Creating dental partnerships that work

Since dental partnerships are different than many other business partnerships, it's important to know how to make it work well. It's up to the partners to create an environment of success.

Jun 21st, 2019
Shake Hands

Dental partnerships are constructed very differently from the classic business organizational chart. Most businesses have a CEO who has final say over everything and works with a tier of executives under him or her.

However, in a dental partnership there are, in a sense, multiple CEOs who all have a say in what happens within the practice. As a result, these partnerships can either be phenomenally supportive environments or they can feel like a bureaucracy. It’s up to you to create the conditions that will allow your dental partnership to thrive. 

Partnership pitfalls 

When more than one person has ownership and input, there is a high propensity for decision-making to be slow, unfocused, and frustrating. This is especially true in busy dental offices. It’s best to avoid these common pitfalls: 

Not taking time to meet—This can lead to decisions being made at the last minute, or worse, not at all. Hold regular partnership meetings. Whether they involve two partners or 20, meetings are an essential aspect of any successful partnership. 

Letting individual goals influence decisions—Consider the common scenario of a senior dentist and a younger dentist trying to decide about investing in the practice. The senior partner may prefer to avoid investments in order to continue saving money toward retirement, while the younger partner may view making investments as right for his or her career in the long-term. Often in this scenario, no decision is made. Partners must always put the practice’s interests before their own. When your partnership finds itself at a crossroads, it’s prudent to consider the advice of an outside expert. This can help you make decisions based on what’s best for the practice.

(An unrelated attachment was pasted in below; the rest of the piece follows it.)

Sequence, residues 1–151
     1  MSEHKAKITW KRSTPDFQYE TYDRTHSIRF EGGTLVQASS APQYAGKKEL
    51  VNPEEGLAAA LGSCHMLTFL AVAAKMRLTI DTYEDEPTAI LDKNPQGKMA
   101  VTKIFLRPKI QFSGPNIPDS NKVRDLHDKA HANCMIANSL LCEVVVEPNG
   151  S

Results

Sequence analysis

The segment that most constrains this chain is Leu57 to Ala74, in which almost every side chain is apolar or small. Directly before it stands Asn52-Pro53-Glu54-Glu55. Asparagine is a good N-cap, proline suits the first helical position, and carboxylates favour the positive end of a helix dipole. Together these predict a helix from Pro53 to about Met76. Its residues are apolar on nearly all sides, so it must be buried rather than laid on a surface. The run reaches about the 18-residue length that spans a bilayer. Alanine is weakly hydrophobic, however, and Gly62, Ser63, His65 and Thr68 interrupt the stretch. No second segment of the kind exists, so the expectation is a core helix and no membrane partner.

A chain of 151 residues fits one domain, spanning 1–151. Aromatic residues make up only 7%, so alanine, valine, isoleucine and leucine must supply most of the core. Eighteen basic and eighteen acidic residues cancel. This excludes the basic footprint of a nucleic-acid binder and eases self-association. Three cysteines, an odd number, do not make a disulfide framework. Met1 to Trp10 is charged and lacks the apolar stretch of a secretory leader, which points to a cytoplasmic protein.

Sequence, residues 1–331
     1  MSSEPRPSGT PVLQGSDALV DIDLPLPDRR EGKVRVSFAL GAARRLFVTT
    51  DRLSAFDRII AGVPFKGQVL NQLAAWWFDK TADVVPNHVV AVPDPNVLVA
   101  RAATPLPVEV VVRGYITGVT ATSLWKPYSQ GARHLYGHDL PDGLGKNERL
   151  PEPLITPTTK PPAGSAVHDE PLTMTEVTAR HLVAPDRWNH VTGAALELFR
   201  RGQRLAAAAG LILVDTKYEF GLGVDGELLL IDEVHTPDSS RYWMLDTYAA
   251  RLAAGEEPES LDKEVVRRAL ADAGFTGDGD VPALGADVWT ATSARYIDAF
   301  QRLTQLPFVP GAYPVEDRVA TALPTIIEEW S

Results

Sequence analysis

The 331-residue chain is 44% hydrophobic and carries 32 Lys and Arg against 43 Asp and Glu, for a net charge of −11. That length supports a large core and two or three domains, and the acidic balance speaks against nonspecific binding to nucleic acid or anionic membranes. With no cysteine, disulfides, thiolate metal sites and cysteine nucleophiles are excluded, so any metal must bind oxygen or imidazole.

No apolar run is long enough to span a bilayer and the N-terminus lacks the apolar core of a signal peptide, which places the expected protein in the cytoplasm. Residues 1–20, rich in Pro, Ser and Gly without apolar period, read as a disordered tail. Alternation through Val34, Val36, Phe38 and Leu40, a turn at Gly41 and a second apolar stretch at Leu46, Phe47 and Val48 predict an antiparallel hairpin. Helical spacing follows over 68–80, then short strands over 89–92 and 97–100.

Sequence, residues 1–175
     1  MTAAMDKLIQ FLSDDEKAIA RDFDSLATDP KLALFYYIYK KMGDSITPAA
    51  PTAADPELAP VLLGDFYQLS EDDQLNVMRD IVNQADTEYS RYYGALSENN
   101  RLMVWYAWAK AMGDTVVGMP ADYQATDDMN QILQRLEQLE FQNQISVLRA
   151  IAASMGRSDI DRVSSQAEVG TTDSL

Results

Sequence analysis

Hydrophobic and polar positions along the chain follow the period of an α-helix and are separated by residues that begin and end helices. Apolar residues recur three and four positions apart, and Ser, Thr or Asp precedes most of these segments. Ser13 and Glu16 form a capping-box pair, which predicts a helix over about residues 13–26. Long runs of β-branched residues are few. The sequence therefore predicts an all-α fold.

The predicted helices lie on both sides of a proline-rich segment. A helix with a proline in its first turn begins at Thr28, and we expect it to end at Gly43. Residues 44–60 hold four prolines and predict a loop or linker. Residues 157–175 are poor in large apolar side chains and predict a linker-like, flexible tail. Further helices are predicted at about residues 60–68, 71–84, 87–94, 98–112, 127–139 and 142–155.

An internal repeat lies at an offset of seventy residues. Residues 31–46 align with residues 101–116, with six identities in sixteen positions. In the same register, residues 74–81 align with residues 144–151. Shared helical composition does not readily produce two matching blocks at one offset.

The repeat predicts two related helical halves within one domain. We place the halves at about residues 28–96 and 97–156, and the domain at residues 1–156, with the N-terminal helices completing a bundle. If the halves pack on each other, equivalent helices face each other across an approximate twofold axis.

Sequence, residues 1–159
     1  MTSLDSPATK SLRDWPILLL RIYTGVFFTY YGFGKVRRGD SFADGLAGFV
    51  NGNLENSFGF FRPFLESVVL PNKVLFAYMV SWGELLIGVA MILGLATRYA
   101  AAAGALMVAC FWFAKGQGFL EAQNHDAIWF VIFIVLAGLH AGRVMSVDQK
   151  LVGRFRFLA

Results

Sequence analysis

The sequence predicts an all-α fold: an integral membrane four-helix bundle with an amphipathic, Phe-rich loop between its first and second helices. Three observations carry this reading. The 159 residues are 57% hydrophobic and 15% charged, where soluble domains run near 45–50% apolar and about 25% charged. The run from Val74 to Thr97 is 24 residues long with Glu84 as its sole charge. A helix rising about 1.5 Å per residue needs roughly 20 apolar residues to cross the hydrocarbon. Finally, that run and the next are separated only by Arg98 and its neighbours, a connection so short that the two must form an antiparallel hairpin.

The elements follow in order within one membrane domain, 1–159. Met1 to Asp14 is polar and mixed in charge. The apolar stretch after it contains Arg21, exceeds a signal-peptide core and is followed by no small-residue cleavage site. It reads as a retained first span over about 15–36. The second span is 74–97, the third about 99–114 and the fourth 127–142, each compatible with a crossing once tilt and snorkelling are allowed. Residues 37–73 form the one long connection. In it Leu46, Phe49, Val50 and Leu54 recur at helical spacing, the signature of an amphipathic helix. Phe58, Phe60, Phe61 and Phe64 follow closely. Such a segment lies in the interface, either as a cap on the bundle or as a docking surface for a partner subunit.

Avoiding honesty—Partners often feel that if they share their honest feelings, it will permanently hurt the relationship. However, partners have a responsibility to share openly with each other. Give each other permission to talk about anything in the spirit of self-improvement. A partnership where partners are not open and honest is one that will eventually cause the practice to operate below its potential. 

A dental partnership should always be about the best interests of the practice. Meet regularly, avoid self-interest, and make honesty a priority, and your partnership will propel your practice toward increased success. 

 

Dr. Roger P. Levin is the CEO of Levin Group, a leading dental management consulting firm. Founded in 1985, Levin Group has worked with over 30,000 dental practices. Dr. Levin is one of the most sought-after speakers in dentistry and is an authority on dental practice success and sustainable growth. Through extensive research and cutting-edge innovation, Dr. Levin is a recognized expert on propelling practices into the top 10%. He has authored 65 books and over 4,000 articles on dental practice management and marketing. To contact Dr. Levin, visit levingroup.com or email rlevin@levingroup.com

More in Practice Transitions